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Improving code quality - Session 6: If I had eight hours to chop down a line...

Hello, I'm Munetoshi Ishikawa, a mobile client developer for the LINE messaging app.

This article is the fourth part of our weekly series "Weekly Report". For more information on the Weekly Report, please see the first article.

If I had eight hours to chop down a line...

The following code retrieves the display name (displayName) if ContactModel is of type Person and in "friend" status.

fun ...(contact: ContactModel): ReturnValue? {
    val friendName = (contact as?
            ContactModel.Person)?.takeIf {
        it.isFriend
    }?.let { normalizeEmoji(it.displayName) } ?: return null

    // snip...
    // snip...
}

Note, let is a standard Kotlin function that behaves as follows in this code:

  • If the return value of ?.takeIf is null: returns null without doing anything
  • If the return value of ?.takeIf is non-null: calls normalizeEmoji(it.displayName) using the return value as it, and returns the result

Are there any improvements that could be made to this code?

Sharpening my axe first

The code above is made difficult to read by inappropriate line breaks. Even without altering the logic, changing the position of the line breaks can make it more readable.

    val friendName = (contact as? ContactModel.Person)
        ?.takeIf { it.isFriend }
        ?.let { normalizeEmoji(it.displayName) }
        ?: return null

Generally, it's good to break lines at places where "the meaning significantly changes". However, choosing the right place to break can be challenging. In such cases, translating the code into a natural language (such as English or Japanese) can be helpful. This can clarify where the significant breaks are.

The code above can be translated as follows:

If a contact is a Person and the person is a friend, take the name with normalizing; otherwise this returns null.

Here, inserting slashes where the meaning significantly changes, it would look like this:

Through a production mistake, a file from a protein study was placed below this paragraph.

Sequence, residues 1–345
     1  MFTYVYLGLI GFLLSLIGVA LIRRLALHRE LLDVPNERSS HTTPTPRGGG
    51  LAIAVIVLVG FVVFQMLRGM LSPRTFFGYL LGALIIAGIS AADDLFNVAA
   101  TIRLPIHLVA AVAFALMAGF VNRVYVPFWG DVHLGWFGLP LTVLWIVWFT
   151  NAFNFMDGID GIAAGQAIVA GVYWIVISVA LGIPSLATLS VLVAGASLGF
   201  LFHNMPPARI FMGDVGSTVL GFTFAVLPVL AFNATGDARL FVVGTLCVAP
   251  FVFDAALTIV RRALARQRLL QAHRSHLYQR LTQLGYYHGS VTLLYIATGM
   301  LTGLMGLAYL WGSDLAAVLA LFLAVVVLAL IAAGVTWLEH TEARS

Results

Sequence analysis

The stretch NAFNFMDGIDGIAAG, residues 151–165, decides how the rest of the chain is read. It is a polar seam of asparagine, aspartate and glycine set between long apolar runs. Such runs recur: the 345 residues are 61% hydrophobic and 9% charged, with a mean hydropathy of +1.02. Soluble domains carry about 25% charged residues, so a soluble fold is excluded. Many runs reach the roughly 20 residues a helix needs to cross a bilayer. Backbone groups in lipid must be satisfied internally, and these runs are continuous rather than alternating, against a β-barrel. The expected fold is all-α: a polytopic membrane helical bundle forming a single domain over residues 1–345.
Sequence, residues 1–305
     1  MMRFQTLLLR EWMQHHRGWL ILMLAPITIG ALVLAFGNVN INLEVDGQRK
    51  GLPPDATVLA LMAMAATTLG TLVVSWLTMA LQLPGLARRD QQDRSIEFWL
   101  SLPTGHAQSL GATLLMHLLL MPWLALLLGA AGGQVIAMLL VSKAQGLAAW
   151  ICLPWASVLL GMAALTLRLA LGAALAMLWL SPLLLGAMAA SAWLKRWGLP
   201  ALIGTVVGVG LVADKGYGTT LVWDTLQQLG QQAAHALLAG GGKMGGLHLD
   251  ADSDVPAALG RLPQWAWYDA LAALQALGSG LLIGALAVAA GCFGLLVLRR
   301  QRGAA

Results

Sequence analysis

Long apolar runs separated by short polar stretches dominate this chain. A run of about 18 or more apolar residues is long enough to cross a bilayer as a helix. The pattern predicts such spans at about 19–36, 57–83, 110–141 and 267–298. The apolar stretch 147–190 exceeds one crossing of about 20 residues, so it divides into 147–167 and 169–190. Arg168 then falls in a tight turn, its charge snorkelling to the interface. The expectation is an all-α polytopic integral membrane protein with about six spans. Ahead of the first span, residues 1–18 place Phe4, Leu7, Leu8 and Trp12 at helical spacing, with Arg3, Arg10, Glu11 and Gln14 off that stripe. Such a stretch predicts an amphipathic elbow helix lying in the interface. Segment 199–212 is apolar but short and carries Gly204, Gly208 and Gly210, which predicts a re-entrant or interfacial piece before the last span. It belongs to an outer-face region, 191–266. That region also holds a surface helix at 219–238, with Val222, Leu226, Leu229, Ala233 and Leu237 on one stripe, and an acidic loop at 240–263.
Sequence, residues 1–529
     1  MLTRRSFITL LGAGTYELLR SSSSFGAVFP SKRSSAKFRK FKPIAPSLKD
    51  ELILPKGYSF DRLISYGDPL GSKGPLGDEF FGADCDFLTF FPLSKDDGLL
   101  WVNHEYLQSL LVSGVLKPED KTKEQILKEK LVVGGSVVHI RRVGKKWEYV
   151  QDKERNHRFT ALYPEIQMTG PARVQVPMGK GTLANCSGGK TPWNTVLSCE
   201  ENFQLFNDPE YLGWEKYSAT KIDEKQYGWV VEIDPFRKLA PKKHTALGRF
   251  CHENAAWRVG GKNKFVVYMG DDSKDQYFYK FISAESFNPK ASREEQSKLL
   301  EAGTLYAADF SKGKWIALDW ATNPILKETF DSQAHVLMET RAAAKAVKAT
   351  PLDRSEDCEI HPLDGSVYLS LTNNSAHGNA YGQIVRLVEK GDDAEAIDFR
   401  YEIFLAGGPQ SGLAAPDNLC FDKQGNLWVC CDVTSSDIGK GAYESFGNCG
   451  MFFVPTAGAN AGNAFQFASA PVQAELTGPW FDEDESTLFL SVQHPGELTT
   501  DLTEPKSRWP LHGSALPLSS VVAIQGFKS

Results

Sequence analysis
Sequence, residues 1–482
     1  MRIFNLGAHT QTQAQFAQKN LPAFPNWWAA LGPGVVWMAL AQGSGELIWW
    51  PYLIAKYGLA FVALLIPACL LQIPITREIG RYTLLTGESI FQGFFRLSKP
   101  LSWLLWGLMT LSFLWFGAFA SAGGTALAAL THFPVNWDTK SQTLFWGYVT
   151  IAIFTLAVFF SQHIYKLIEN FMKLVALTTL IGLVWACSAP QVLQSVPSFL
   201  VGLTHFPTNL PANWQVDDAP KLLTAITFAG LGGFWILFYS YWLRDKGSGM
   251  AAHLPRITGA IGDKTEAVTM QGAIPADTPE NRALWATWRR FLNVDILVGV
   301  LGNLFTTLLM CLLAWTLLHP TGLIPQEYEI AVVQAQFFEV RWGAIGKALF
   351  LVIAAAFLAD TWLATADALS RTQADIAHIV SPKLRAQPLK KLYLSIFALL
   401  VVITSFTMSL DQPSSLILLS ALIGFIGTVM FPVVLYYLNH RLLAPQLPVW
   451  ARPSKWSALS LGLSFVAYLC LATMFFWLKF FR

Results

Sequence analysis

If a contact is a Person / and the person is a friend, / take the name with normalizing; / otherwise this returns null.

And this corresponds to the improved code's line breaks.

On the other hand, inserting slashes corresponding to the initial example's line breaks would look like this:

If a contact is a / Person and the person is / a friend / , take the name with normalizing; otherwise this returns null.

Correctly placing line breaks can also facilitate more advanced refactoring. The first line's as? ContactModel.Person and the second line's .takeIf act as filters, with the fourth line's ?: return null corresponding to the outcome. This realization suggests that the third line's normalizeEmoji(it.displayName) could be moved outside the method chain.

    val friend = (contact as? ContactModel.Person)
        ?.takeIf { it.isFriend }
        ?: return null
    val friendName = normalizeEmoji(friend.displayName)

Various ways of cutting

Method chains / fallback chains

When using method chains with operators like . and safe call ?., or fallback chains with ?:, the structure and flow of the logic are often more important than the details of the code. In such cases, it's beneficial to place line breaks just before these operators.

    val ... = someCollection
        .filterIsInstance<SomeModel>()
        .filter { ... }
        .map { ... }
        .toSet()
    val ... = nullable?.value
        ?: fallback.value
        ?: another.fallback(value)

If the actual arguments become lengthy (including lambdas), using auxiliary functions or extension functions to shorten the arguments can help align the line breaks.

    val ... = nullable?.value
        ?: fallback.shortcut
        ?: another.fallback(value)
...
private val Fallback.shortcut: ...? get() =
    value.with(long.long.long.long.long.long.long.argument)

Operator precedence

In many cases, the precedence of operators corresponds to the strength of the connections in meaning. For example, breaking at == is clearer than breaking at + or -.

valueWithLongName1 - valueWithLongName2 ==
    valueWithLongName3 + valueWithLongName4
valueWithLongName1 -
    valueWithLongName2 == valueWithLongName3 +
    valueWithLongName4

When using (), the section enclosed in parentheses has a stronger connection.

valueWithLongName1 *
    (valueWithLongName2 + valueWithLongName3)

Elvis return ?: return

If a piece of code has effects that are not localized, it's advisable to emphasize those effects by carefully choosing the line break positions. Prime examples of this would be return and throw. When using return or throw, placing them on the left side of the code emphasizes their importance.

Therefore, it's a good practice to insert a line break just before ?: return, ?: throw, or ?: error(...) when using these constructs.

    val nonNullValue = some.nullable.value.with(parameter)
        ?: return someReturnValue

In summary: When breaking lines in code, be mindful of the divisions in meaning.

Keywords: line-break, code chunk, operator precedence